A 1950 pamphlet describing the benefits of North Carolina's sterilization program. (Photo from North Carolina Department of Cultural Resources)

Throughout the 20th century up to the 1970s, an estimated 60,000-plus Americans were forcibly sterilized. Of the 33 states with sterilization programs, California’s was the largest, affecting 20,000 people.

In 1927, the US Supreme Court effectively approved of eugenics programs in the case, Buck v. Bell. In his written opinion for the case, Justice Oliver Wendell Holmes wrote:

We have seen more than once that the public welfare may call upon the best citizens for their lives. It would be strange if it could not call upon those who already sap the strength of the State for these lesser sacrifices, often not felt to be such by those concerned, to prevent our being swamped with incompetence. It is better for all the world, if instead of waiting to execute degenerate offspring for crime, or to let them starve for their imbecility, society can prevent those who are manifestly unfit from continuing their kind. The principle that sustains compulsory vaccination is broad enough to cover cutting the Fallopian tubes.”

Despite the Supreme Court’s justification for eugenics, North Carolina doctors still had trepidations about the legality of sterilization in the 1950s, according to source documents released by the state. In the decade from June 1950 to June 1960, about 3,000 of the total 7,600 victims were sterilized.

In a 1950 document reprinted from the North Carolina Medical Journal titled, “The Legality of Human Sterilization in North Carolina,” the author addressed the fears of illegality and outlines the process that led to an individual’s procedure.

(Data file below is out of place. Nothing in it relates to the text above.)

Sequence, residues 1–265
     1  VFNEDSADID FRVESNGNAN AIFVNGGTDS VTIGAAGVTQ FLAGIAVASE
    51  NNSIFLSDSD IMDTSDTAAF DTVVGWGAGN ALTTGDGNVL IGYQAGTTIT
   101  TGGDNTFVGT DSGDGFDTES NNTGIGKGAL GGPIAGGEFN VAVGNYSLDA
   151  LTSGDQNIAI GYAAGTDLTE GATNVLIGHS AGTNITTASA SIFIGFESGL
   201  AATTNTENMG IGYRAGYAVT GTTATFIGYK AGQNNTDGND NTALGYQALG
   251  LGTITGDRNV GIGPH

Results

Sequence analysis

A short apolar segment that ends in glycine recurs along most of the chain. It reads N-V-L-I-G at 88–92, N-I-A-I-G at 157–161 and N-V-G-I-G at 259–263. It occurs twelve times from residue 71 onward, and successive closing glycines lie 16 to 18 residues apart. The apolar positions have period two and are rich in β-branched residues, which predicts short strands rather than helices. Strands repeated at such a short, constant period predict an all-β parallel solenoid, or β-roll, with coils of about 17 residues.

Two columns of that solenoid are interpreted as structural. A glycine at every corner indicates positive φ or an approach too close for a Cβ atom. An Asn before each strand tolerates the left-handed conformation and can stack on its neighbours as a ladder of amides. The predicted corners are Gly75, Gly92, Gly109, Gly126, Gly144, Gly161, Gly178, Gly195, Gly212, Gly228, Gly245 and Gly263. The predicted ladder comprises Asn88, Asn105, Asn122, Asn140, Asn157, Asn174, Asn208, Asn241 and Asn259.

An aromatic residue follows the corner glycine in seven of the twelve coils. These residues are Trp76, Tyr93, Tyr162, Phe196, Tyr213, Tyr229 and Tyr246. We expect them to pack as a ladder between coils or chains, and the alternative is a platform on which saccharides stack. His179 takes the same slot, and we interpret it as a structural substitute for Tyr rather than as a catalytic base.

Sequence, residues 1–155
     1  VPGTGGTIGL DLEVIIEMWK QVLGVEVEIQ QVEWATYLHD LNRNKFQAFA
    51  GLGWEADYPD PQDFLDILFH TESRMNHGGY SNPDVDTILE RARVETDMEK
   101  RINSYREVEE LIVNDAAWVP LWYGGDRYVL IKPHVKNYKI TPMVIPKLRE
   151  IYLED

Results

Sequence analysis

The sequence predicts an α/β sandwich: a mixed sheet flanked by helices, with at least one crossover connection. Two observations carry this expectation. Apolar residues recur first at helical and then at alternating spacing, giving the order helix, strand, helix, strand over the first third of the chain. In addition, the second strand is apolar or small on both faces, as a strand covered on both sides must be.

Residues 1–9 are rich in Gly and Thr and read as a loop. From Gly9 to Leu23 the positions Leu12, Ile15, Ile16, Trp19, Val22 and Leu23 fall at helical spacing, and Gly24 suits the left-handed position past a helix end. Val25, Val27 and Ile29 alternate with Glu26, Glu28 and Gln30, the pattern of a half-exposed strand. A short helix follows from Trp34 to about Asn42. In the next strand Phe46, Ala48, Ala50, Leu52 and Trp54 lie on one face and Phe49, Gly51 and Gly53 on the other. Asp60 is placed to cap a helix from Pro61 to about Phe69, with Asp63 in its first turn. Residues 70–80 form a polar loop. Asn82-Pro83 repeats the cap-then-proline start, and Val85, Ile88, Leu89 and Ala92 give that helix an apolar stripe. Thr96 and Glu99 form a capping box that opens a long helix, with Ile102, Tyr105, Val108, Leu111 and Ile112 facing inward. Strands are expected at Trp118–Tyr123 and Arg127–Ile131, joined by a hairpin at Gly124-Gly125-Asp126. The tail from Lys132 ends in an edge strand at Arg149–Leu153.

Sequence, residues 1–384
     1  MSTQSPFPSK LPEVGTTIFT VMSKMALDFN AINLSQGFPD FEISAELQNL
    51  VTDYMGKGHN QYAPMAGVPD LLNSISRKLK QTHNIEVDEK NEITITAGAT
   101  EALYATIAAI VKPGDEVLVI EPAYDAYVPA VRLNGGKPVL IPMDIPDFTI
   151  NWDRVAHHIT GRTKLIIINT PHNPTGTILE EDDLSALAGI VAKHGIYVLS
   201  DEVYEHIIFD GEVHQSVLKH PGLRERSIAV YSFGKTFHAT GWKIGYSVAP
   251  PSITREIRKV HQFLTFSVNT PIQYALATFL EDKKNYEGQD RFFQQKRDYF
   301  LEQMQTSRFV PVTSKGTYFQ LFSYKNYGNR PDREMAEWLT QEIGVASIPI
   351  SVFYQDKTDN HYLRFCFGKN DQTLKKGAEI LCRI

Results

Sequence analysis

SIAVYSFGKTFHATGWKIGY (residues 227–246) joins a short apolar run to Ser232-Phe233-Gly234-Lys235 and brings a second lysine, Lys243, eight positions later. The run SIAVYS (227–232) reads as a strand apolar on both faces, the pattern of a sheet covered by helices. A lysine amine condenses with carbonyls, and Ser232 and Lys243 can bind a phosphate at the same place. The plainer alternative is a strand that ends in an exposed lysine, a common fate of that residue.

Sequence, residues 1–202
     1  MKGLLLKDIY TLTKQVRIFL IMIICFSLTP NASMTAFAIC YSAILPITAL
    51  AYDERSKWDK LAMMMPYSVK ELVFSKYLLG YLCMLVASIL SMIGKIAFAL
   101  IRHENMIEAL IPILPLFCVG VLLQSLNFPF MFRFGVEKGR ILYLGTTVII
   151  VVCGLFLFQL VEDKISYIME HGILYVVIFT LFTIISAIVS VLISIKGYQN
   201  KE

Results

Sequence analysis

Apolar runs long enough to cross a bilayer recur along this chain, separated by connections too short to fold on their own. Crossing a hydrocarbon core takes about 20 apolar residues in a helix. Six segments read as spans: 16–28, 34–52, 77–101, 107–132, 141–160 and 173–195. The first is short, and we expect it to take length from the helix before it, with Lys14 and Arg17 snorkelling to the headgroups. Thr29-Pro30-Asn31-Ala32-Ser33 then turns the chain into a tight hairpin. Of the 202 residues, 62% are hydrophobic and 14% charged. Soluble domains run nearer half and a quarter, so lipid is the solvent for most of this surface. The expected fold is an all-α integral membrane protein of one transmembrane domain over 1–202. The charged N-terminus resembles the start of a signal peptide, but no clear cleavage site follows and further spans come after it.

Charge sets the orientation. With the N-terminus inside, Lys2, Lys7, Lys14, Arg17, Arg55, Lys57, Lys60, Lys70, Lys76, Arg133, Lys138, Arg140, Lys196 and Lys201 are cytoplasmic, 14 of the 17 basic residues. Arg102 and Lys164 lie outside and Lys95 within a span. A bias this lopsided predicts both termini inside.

A petition is presented to the Eugenics Board of North Carolina.… Proceedings shall be begun when the head of an institution or a county superintendent believes that sterilization of a mentally dis­eased, feeble-minded or epileptic person is ‘for the best interest of the mental, moral, or physical improvement of the patient,’ or ‘for the public good,’ or is needed to pre­vent the probable procreation ‘of a child or children who would have a tendency to se­rious physical, mental or nervous disease or deficiency.’ The next of kin or legal guar­dian may also make a written request for sterilization of such a patient. If the Eugenics Board is satisfied that one or more of the above named reasons ex­ists, it may order ‘an operation of asexuali­zation or sterilization.’ Notice of this order must be delivered ‘by registered mail, return receipt demanded, to all parties in the case, including the legal guardian, the solicitor and the next of kin of the inmate, patient or in­dividual resident."

The patient or someone on her behalf had 15 days from a sterilization order to appeal the decision, the document states.

As for legal protection for doctors, the document outlines that “‘neither the said petitioner nor any other person legally participating in the execution of the provisions of this ar­ticle shall be liable, either civilly or criminally, on account of such participation, except in case of negligence in the performance of said operation.’”

The North Carolina Justice for Sterilization Victims Foundation began upon approval of then-governor Beverly Perdue in 2010. The organization is the “primary point of contact for victims, potential victims and the general public who are seeking guidance about North Carolina’s former sterilization laws and program.”